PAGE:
The great state of Georgia is home to diverse wildlife, both on land and in the air. While many Georgians are familiar with commonplace creatures like deer, squirrels, and rabbits, fewer may be aware of the unique and sometimes dangerous animals that can be found soaring above. From birds of prey to pesky insects, these are the seven most dangerous animals patrolling Georgia’s skies.
1: Kissing Bug
Though tiny, kissing bugs can have a considerable impact. These insects, also known as assassin bugs or cone-nosed bugs, are most active at night and get their name from their tendency to bite humans around the mouth or eyes. Kissing bugs are found throughout the southern United States and can carry a parasitic infection known as Chagas disease. While rare, this disease can cause serious heart or digestive complications. To avoid kissing bugs, thoroughly inspect and seal any cracks or holes in your home’s exterior.
With a wingspan of up to 6 feet, ospreys are large raptors specialized to hunt fish. These unique birds are found in coastal areas and around lakes and rivers throughout Georgia. Ospreys have extremely sharp talons and will plunge feet-first into the water to snatch up fish. They have even been known to sometimes accidentally snag people out fishing! Though not aggressive toward humans, giving these powerful hunters a wide berth for your safety is best.
3: Red-Tailed Hawk
Perhaps Georgia’s most familiar bird of prey, red-tailed hawks, is a common sight across the state’s countryside. These large raptors, distinguishable by their namesake red tail feathers, hunt rodents and other small mammals. Though generally not inclined to attack people, red-tailed hawks will fiercely defend their nests and young. There have been instances where homeowners have been dive-bombed and scraped by the talons of an aggressive red-tail. Give any hawk nests a wide buffer zone for peace of mind.
4: Cooper’s Hawk
Easily mistaken for its larger cousin, the red-tailed hawk, Cooper’s hawks are small but mighty raptors found throughout Georgia. Roughly the size of crows, these agile fliers specialize in hunting birds rather than small mammals. Extremely stealthy hunters, Cooper’s hawks have even been known to pick off unwary backyard chickens. Backyard poultry owners should protect young chicks and hens within coops and runs. Around 15 inches from head to tail, Cooper’s hawks may be small but still pack a punch with their razor-sharp talons.
Without including the ubiquitous mosquito, no list of dangerous Georgia animals would be complete. Though all species of mosquitoes are considered more nuisance than a threat, they are the deadliest animal worldwide due to their ability to spread deadly diseases like malaria, West Nile virus, and equine encephalitis. Mosquitoes breed in standing water sources like ponds and puddles. To deter them, drain any standing water in your yard and use bug spray when spending time outdoors, especially at dusk when mosquitoes are most active.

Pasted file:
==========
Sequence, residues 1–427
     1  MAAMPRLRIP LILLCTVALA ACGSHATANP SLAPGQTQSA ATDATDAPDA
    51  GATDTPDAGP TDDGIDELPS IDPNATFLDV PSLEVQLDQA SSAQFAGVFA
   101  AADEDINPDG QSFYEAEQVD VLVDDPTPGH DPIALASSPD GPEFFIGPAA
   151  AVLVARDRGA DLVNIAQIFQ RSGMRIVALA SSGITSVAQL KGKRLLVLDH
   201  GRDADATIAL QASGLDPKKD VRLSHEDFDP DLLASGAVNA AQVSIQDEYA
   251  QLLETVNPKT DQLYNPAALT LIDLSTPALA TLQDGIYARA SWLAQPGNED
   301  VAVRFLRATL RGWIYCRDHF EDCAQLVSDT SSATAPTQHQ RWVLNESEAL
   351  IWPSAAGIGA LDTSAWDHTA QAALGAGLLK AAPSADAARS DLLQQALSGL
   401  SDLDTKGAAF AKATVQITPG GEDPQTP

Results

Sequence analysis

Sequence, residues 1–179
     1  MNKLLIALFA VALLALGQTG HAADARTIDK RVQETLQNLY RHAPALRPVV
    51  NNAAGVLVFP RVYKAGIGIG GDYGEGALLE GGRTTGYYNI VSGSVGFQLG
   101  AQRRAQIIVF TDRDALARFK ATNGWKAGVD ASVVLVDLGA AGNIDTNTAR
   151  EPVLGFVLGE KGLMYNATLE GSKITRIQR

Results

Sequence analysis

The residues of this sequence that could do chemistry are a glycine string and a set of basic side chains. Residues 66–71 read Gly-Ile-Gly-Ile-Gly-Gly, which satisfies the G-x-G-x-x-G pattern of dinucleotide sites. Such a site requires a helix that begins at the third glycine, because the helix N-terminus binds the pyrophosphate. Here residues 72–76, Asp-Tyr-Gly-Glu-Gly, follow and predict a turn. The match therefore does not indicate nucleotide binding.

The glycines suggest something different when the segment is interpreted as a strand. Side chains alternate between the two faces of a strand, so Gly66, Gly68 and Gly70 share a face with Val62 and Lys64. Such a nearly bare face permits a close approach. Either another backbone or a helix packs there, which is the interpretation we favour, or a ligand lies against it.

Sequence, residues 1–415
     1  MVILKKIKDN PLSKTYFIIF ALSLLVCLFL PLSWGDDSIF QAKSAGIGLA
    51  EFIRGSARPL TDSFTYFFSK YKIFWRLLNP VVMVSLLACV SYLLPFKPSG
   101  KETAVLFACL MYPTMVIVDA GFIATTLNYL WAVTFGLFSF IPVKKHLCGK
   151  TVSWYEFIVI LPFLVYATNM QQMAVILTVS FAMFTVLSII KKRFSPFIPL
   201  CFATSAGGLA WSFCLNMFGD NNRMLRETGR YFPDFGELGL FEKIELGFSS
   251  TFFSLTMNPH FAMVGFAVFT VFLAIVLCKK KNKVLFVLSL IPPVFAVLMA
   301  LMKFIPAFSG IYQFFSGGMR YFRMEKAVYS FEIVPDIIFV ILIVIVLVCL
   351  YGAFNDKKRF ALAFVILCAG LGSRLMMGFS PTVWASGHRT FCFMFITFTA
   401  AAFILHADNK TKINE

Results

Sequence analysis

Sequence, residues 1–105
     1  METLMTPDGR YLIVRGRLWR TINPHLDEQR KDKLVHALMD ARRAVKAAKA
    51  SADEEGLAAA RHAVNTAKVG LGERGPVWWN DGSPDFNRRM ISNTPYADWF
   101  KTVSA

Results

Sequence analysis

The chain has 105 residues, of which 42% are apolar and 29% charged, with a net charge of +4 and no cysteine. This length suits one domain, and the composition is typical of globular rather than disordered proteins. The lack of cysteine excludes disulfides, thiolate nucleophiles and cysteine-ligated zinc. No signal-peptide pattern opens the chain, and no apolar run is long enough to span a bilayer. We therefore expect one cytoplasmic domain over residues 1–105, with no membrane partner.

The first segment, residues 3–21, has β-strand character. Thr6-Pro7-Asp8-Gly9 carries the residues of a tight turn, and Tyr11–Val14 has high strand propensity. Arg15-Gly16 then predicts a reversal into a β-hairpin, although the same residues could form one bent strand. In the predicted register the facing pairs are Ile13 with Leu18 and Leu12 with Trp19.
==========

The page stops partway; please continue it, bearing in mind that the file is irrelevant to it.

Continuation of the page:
Whether yellow jackets, paper wasps, or hornets, stinging insects like wasps can be a painful nuisance, especially in the later summer months. Wasps become increasingly aggressive while seeking food as colonies grow larger. Some species are known to defend their nests if disturbed viciously. Allergies to wasp stings can also develop over time, making subsequent stings increasingly dangerous. If you spot a wasp nest, leave it alone and contact a professional pest control service for safe removal.
Barely visible to the naked eye, chiggers are mite larvae that inhabit grassy or wooded areas. These tiny nuisances are parasites, latching onto human skin and injecting digestive enzymes that destroy skin cells. The resulting bites turn into severely itchy, red welts. Chiggers thrive in hot, humid environments. Wearing long pants and sleeves and using insect repellent can deter them, but the itchy bites are unavoidable once chiggers latch on. Resist the urge to excessively scratch, which can lead to infection.
Georgia’s warm, humid climate means many creepy crawlers, both large and small. But with vigilance and common sense, Georgians can stay safe from the most dangerous animals patrolling Georgia’s skies. Avoid nests, keep food sealed, and tidy yards to limit attracting unwelcome visitors. Report concerning wildlife behaviors to authorities like the Georgia Department of Natural Resources. And most importantly, remember that these animals all play important roles in local ecosystems when left undisturbed. By understanding our wild neighbors from the skies above, Georgians can happily coexist with local wildlife.
|Most Dangerous Animals Patrolling Georgia’s Skies|
The photo featured at the top of this post is © iStock.com/cmcneill17
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